Global luxury brands share many similar traits of prestige and exclusivity, yet each brand has its own identity and a distinct strategy of brand positioning that sets itself apart.
A study by global brand strategy firm Millward Brown released last April ranked the ten most powerful luxury brands based on brand economics. The report gave insights on why some luxury brands are more resilient.
The most resilient luxury brands — increased brand value despite economic downturn — are the classic and traditional luxury staples like Louis Vuitton, Hermès and Gucci that focused on heritage and history instead of high fashion. Moreover, these luxury companies showed deliberate business consideration and did not relent on price or brand control.
“Louis Vuitton and Hermés absolutely control every single component of their business model, from retail distribution to discounting,” said Pierre Dupreelle, vice president of Millward Brown Optimor, New York.
These brands have established a compelling brand distinction over time that is meaningful, connects with customers, and allows them to leverage their value and innovate to keep them successful.
Here are the 10 most powerful global luxury brands:
1. Louis Vuitton
Brand Value: up 2% to $19.78 billion
The most valuable luxury brand for the past five years, Louis Vuitton continued to position itself as timeless and authentic. Its focus on its heritage as a travel brand helped it to retain its core customer–the jet setter. The brand increased prices, invested in creativity and heightened the focus on quality rather than compromising its brand value during the recession.
Brand Value: up 8% to $8.46 billion
The brand chose to focus on its heritage by sponsoring a horse competition in Paris. It also launched a new Chinese luxury brand Shang Xia, tailored to the Chinese consumer. The company charges far more for its handmade leather bags than its competitors and keeps tight control on who sells the bags.
Brand Value: up 2% to $7.59 billion
To some Gucci may embody an era of excess with its monogrammed accessories and flashy runway looks, but Gucci remains desirable. The Italian luxury brand teamed up with Christie’s to appraise vintage Gucci luggage and handbags to give the brand a lead on its competitors. Now, the PPR-owned luxury goods maker has a tighter control of its secondary market.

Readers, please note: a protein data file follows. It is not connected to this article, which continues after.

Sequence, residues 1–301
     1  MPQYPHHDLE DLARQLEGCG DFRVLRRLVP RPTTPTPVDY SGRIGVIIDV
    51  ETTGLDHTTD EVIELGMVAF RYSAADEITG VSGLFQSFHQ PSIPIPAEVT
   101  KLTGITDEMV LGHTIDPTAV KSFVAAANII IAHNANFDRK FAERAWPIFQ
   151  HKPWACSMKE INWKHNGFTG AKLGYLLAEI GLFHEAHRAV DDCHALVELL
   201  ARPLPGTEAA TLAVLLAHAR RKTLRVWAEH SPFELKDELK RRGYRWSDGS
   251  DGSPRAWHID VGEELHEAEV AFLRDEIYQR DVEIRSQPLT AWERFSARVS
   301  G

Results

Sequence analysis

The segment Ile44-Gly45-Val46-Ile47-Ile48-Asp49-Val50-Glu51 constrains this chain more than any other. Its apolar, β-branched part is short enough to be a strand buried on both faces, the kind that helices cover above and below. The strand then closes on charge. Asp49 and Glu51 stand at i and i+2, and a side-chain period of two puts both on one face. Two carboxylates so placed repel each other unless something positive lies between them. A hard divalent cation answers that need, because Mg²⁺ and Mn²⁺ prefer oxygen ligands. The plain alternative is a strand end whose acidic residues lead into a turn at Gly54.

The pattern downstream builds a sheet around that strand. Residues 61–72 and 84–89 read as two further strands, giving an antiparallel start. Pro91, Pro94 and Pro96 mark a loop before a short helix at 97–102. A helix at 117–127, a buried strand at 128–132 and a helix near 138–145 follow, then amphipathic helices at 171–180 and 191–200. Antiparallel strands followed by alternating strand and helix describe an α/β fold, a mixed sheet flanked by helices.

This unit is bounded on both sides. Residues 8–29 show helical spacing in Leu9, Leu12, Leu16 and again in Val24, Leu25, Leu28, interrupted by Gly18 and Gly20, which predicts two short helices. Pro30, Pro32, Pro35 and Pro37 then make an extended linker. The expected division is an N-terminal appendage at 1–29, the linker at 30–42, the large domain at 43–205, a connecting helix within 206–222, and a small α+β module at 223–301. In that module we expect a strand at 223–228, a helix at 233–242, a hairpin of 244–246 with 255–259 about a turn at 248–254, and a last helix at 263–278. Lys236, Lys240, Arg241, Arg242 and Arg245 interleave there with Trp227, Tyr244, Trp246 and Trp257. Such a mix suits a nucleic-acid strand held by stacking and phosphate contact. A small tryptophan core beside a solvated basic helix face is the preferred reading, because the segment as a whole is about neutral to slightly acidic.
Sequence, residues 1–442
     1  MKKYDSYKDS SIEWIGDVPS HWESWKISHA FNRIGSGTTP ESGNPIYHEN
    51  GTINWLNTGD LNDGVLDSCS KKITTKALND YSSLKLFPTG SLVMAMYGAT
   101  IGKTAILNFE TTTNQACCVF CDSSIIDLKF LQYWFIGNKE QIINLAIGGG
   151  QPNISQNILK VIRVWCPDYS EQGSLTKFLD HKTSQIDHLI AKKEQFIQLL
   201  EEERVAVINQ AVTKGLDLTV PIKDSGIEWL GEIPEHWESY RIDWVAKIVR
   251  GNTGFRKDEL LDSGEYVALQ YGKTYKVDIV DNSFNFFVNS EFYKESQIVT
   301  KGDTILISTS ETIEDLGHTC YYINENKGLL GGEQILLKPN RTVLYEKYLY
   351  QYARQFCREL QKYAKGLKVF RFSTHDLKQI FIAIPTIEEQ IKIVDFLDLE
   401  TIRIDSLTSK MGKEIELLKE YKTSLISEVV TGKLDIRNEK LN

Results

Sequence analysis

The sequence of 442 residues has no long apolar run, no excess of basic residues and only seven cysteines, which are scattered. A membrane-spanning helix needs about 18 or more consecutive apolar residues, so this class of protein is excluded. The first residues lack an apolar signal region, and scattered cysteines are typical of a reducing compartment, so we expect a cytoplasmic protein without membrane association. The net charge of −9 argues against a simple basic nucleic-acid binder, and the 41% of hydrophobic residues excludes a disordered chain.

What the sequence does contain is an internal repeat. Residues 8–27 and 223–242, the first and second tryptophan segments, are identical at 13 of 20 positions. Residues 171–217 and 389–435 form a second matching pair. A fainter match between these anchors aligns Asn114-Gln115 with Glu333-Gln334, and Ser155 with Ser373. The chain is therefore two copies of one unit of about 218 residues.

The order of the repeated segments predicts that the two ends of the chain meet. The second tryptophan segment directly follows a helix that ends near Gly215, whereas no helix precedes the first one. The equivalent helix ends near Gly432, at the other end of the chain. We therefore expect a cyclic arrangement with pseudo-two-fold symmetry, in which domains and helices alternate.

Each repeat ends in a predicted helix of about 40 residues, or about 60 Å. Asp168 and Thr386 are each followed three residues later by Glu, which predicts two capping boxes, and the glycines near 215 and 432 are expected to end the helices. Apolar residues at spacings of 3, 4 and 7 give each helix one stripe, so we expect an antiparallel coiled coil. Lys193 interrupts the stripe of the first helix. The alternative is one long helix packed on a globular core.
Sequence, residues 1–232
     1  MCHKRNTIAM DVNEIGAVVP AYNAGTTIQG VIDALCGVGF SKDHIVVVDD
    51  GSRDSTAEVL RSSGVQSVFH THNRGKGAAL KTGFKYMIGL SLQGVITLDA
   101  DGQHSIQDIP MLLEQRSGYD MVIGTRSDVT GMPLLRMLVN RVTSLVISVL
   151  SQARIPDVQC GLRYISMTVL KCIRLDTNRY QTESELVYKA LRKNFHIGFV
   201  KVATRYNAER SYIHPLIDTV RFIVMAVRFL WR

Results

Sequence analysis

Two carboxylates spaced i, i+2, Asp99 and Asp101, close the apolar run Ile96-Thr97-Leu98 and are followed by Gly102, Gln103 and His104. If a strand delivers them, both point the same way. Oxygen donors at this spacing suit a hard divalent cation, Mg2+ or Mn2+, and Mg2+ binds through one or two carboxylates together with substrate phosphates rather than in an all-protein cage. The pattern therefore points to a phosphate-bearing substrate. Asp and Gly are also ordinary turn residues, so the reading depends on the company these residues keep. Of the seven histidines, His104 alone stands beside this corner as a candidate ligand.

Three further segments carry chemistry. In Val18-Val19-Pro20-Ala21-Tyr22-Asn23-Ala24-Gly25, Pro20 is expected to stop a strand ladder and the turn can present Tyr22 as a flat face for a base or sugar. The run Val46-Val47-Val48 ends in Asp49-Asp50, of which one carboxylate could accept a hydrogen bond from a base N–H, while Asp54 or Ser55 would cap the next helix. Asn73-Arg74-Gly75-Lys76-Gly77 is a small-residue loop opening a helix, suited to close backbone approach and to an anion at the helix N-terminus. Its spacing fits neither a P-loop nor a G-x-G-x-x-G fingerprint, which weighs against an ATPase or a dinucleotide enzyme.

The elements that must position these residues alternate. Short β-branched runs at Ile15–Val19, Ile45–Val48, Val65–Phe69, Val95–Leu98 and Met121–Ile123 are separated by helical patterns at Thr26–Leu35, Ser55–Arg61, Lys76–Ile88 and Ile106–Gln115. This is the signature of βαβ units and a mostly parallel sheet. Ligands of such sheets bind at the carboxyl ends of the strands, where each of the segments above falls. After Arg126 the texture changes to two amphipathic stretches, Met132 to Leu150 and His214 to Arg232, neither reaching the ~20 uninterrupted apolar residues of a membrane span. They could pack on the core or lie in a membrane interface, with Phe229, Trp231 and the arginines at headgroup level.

Brand Value: down 11% to $5.55 billion
Chanel’s dip in brand value is a sign of the times when consumers favor more practical items. While Chanel still attracted affluent consumers with its classic quilted bags, cosmetics and fragrances, those who want a few investment pieces stayed away from the ready-to-wear. The fashion house will fare better as consumers start craving for newness, which Karl Lagerfeld will certainly deliver.
Brand Value: down 1% to $5.37 billion
One of the most popular spirits in emerging markets, it remains extremely popular in China.
Brand Value: down 14% to $4.74 billion
The luxury watchmaker, along with other high-end jewelry makers, was hurt by the recession.
7. Moët and Chandon
Brand Value: down 12% to $4.28 billion
While demand for champagne has decreased overall, Moët & Chandon remains the top champagne brand.
Brand Value: down 19% to $3.96 billion
Cartier is still the most valued jewelry brand in the world despite a drop in its brand value. Cartier just announced that it will accelerate boutique openings in the Mideast and the U.S. to stay ahead of the game and diversify its risk in case China slows down. “You have to prepare yourself for the worst when everything is going well,” said Bernard Fornas, chief executive officer of Cartier, “Let’s be careful about overdependence.” China accounts for about a quarter of Cartier’s sales according to analysts. “Swiss watch sales in China will probably increase 20- 25 percent this year, slowing from more than 30 percent in 2010,” said Rene Weber, an analyst at Bank Vontobel.
Brand Value: down 8% to $3.20 billion
Chanel creative director Karl Lagerfeld also designs the Fendi ready-to-wear collection, but the brand is better known for accessories, especially its collection of “It” bags in the U.S. Fendi has a huge luxury presence in Asia. LVMH is looking to reposition the brand as its answer to Gucci.
10. Tiffany & Co.
Brand Value: up 6% to $2.38 billion
Tiffany & Co., which was not on last year’s list, is heralded for its refusal to discount and its Asian and Western European expansion.
“Focusing on substance (e.g., craftsmanship, heritage) and subtlety will continue to drive growth for luxury brands in developed markets, where consumers will continue to “invest” in their luxury purchases,” Dupreelle said. “In Asia, brands that use “badge status” to appeal to consumers will broaden their reach in the mass market.”
photo credit: louis vuitton